Time and the Science of the Soul in Early Modern Philosophy

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For many early modern philosophers, particularly those influenced by Aristotle’s Physics and De anima, time had an intimate connection to the human rational soul. This connection had wide-ranging implications for metaphysics, natural philosophy and politics: at its heart was the assumption that man was not only a rational, but also a temporal, animal.
In Time and the Science of the Soul in Early Modern Philosophy, Michael Edwards traces this connection from late Aristotelian commentaries and philosophical textbooks to the natural and political philosophy of two of the best-known ‘new philosophers’ of the seventeenth century, Thomas Hobbes and René Descartes. The book demonstrates both time’s importance as a philosophical problem, and the intellectual fertility and continued relevance of Aristotelian philosophy into the seventeenth century.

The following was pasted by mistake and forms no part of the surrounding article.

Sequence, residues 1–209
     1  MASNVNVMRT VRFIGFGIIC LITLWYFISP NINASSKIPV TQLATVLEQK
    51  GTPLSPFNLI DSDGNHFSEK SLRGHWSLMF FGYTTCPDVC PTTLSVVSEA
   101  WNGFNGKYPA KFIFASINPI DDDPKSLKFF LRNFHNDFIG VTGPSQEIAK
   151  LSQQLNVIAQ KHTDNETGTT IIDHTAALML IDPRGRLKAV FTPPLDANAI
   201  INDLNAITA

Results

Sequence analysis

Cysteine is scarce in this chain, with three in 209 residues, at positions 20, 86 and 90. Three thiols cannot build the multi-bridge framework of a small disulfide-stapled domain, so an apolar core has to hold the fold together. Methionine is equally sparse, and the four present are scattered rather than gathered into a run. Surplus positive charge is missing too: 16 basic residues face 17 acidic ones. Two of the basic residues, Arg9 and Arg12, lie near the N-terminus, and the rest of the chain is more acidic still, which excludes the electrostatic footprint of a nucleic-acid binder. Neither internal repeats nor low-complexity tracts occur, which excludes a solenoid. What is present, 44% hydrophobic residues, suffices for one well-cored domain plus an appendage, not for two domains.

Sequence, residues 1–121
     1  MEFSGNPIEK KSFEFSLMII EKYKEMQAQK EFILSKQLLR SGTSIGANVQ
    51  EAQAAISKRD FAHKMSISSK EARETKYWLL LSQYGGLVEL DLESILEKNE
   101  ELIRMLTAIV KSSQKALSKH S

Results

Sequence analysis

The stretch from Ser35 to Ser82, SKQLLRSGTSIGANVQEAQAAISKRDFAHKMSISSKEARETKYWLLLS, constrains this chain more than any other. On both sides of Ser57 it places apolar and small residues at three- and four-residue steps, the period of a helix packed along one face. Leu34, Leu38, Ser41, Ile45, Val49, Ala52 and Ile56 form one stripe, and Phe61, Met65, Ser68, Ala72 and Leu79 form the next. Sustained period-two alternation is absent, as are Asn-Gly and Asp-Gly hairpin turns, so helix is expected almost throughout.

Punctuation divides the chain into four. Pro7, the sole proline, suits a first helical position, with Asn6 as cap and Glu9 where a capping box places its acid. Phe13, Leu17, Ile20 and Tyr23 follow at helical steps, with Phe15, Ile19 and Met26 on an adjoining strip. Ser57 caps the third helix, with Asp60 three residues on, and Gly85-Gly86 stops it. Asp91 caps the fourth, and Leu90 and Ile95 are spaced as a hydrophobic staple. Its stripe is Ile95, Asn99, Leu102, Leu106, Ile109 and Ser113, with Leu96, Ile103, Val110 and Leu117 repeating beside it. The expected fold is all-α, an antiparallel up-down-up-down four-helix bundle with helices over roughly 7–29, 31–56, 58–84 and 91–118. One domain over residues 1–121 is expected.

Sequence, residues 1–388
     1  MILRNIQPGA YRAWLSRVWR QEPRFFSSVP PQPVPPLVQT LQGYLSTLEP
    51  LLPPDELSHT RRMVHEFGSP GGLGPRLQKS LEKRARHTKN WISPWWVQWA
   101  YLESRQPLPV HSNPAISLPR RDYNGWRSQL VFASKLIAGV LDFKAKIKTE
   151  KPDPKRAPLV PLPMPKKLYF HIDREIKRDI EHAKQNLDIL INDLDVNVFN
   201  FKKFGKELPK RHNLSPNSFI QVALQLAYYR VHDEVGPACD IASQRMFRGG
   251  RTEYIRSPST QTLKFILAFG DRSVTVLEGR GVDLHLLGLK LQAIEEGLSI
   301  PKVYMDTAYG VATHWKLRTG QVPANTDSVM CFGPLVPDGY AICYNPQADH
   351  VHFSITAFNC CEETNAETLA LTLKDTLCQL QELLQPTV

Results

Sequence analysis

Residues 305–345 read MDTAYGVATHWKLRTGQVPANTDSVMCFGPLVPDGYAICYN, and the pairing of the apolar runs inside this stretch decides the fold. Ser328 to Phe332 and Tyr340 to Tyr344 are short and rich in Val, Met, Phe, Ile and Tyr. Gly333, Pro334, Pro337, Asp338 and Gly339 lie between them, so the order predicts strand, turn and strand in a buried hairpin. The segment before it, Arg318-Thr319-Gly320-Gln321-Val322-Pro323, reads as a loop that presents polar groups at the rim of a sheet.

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Review Quotes

‘’His book is an original, subtle and approachable contribution to the history of the philosophy of time.’’
David van Dusen, University of Leuven. In: Times Literary Suplement, August 15, 2014, p. 27.

Table of contents

Acknowledgments

Introduction

PART I: ARISTOTELIAN AND LATE SCHOLASTIC THEORIES OF TIME AND THE SOUL

Chapter 1: Metaphysics and Natural Philosophy

Chapter 2: Psychology, the Science of the Soul

PART II: TIME AND THE SCIENCE OF THE SOUL IN THE NEW PHILOSOPHY

Chapter 3: Descartes

Chapter 4: Hobbes

Conclusion: Time and the Science of the Soul between Disciplines

Bibliography

Index

Readership

All those interested in early modern intellectual history, early modern Aristotelianism and scholasticism, the natural philosophy of Hobbes and Descartes, and the philosophy of time.